Nestled in the northeastern corner of the country, Maine is home to picturesque lighthouses and vibrant communities. Maine also faces a unique challenge to closing the digital divide and battling the COVID-19 pandemic: it is the least densely populated state in New England. From Portland to Islesboro, residents have worked together to find ways to adapt during the COVID-19 pandemic, increasing reliance on virtual platforms. 

In March of 2020, communities across Maine began processes to switch work and school to distance learning and work-from-home formats, but many districts and the Governor’s office resisted due to logistical constraints. In urban and suburban districts, adequate high-speed broadband connectivity was available. Stakeholders were able to activate technology for students and employees to take home. Yet, in rural districts, residents faced entirely different challenges.

The Federal Communications Commission (“FCC”) reports that 96.88% of Mainers have access to fixed terrestrial broadband across the state. In the state’s more rural counties, broadband access can drop as low as 83.75% according to the most recent FCC data. While much of New England is characterized by sprawling suburbs and well-developed communities, the State of Maine claims the title of “most rural state” according to the 2010 Decennial Census.

Even with their rural designation, some communities have not let that interfere with plans to close the digital divide. One NCC member town, Islesboro, is reaping the benefits of their multi-year investment in a fiber-to-the-home network. Over the last few years, Islesboro residents almost universally adopted the town-owned-and-operated network.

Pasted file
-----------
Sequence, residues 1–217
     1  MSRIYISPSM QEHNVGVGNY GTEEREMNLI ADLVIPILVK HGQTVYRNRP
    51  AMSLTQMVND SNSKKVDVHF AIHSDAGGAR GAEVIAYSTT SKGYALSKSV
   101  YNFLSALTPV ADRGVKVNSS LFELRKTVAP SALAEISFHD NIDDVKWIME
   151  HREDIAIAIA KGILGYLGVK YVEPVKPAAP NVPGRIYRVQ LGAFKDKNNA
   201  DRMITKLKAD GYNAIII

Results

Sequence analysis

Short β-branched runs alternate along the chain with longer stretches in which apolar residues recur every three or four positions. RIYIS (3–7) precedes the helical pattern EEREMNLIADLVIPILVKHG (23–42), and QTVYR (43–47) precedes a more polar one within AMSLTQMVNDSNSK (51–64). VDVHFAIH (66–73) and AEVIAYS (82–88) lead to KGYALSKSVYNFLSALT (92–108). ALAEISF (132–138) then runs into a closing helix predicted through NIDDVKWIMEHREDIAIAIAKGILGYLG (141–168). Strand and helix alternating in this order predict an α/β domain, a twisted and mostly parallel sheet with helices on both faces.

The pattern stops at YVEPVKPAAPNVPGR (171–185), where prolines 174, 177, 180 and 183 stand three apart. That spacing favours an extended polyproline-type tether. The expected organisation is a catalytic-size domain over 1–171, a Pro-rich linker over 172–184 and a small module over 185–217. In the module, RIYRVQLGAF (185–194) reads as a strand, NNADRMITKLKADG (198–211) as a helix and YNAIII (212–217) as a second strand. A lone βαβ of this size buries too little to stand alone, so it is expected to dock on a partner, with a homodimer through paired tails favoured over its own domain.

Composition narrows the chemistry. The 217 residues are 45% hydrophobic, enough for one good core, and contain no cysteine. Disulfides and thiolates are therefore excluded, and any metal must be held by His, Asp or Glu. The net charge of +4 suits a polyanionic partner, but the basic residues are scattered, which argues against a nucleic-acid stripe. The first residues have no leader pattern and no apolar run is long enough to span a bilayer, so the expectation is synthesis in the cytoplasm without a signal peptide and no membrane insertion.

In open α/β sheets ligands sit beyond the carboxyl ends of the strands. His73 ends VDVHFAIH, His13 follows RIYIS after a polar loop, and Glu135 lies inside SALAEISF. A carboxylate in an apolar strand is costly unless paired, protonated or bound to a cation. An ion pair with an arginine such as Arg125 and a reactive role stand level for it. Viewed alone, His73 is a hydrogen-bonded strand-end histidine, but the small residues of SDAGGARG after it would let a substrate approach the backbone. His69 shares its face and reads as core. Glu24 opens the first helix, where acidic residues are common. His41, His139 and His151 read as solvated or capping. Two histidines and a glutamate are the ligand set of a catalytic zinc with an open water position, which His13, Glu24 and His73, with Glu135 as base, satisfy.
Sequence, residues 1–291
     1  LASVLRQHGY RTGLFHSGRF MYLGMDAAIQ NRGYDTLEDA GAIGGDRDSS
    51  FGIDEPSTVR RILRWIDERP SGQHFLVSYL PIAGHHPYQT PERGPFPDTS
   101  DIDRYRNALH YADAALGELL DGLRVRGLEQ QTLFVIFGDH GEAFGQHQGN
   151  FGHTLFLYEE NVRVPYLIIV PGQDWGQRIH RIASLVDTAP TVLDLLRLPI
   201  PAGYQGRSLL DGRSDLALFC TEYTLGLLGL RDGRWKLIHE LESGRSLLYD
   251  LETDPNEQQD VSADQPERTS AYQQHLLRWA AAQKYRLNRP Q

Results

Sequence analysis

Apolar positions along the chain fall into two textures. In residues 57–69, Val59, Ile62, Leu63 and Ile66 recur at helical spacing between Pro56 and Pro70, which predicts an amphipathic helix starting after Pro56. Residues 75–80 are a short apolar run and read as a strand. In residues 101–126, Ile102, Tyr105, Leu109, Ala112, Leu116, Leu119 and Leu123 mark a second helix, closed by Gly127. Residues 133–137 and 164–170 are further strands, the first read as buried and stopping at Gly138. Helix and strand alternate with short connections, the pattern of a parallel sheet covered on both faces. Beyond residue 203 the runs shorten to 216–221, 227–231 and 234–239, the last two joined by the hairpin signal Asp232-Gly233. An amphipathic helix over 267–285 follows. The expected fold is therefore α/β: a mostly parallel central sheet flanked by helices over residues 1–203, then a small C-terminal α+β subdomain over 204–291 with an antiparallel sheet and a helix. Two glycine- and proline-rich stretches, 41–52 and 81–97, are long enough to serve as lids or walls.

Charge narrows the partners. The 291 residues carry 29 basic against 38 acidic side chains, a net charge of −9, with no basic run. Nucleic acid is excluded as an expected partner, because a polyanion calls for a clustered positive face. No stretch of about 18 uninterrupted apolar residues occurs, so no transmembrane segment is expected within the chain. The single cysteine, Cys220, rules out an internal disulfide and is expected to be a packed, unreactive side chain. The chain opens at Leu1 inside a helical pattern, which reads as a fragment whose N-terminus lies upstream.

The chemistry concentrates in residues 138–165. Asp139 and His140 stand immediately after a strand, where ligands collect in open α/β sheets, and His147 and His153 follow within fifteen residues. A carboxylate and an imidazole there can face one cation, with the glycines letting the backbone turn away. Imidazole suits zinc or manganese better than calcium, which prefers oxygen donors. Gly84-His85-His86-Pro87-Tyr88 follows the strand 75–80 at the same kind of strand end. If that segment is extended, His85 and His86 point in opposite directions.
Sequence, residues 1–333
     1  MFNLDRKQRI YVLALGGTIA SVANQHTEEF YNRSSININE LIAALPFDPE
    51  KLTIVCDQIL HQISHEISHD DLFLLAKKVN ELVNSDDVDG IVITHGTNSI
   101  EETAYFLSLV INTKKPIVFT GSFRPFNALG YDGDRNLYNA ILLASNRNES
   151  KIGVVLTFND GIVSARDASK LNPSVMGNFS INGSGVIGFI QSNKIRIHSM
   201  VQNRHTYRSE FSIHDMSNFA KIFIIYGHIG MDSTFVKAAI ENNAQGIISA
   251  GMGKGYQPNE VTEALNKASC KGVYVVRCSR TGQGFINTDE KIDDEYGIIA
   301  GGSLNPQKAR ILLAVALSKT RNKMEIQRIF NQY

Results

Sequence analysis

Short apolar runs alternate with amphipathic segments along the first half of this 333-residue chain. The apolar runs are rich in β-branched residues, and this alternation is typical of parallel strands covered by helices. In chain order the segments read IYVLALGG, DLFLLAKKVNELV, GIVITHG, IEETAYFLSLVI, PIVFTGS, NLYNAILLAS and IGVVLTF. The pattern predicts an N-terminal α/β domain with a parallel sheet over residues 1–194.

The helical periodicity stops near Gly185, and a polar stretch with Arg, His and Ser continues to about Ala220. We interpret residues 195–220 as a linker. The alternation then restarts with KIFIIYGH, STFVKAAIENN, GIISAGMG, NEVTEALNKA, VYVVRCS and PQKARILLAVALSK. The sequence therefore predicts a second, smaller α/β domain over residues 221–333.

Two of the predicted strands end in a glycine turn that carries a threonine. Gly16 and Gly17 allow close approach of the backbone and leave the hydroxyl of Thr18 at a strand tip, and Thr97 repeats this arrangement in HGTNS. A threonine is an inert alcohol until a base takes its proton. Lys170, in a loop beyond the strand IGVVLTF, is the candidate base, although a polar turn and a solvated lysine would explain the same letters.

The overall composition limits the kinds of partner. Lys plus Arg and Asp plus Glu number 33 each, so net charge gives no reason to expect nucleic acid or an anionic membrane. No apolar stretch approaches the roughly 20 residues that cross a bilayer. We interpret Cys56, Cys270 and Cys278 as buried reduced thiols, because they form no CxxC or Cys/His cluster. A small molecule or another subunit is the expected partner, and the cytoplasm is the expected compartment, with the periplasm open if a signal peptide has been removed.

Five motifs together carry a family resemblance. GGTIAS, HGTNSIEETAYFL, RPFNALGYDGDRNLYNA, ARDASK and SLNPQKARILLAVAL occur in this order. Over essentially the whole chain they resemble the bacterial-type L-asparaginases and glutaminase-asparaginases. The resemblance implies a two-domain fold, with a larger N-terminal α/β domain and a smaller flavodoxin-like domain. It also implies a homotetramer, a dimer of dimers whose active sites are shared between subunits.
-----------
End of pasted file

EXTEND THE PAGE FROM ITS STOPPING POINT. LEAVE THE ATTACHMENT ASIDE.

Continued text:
Even with a year of unprecedented reliance on broadband, Page Clason, a broadband specialist for the town, said “Life is good in Islesboro.” 

Without missing a beat, the community stayed online throughout the COVID-19 pandemic. Clason said that many seasonal residents, a significant portion of Islesboro’s community, are coming earlier and staying longer because of their ability to effectively work from home. 

For Clason, the future of broadband will rest in continuing to make their community a vibrant place for young people to settle as they pursue careers and families. Islesboro residents are exploring larger ways to utilize the network to improve daily life such as expanding online opportunities for business or connecting with members of their community remotely.

Mainers are proud of the work to address gaps in broadband access. In November of 2020, the Executive Director of ConnectME said, “What we know is 85,000 is probably the floor of who is not connected and not the ceiling,” an announcement that continues to drive the passion for state and local officials to close its digital divide. 

ConnectME continues to implement solutions statewide. Recently, ConnectME announced a number of public-private partnerships that would connect every student in the state through free WiFi connections. The program also prioritizes support for communities with high rates of free and reduced lunch. 

For years, ConnectME and its partners have been implementing solutions to bring connectivity to every corner of Maine. That work continues today. Known across the country and around the world for the Lobster and Blueberries, Mainers are now positioning themselves to bring every resident online, the animating force for communities from the Canadian Border to the Gulf of Maine to thrive.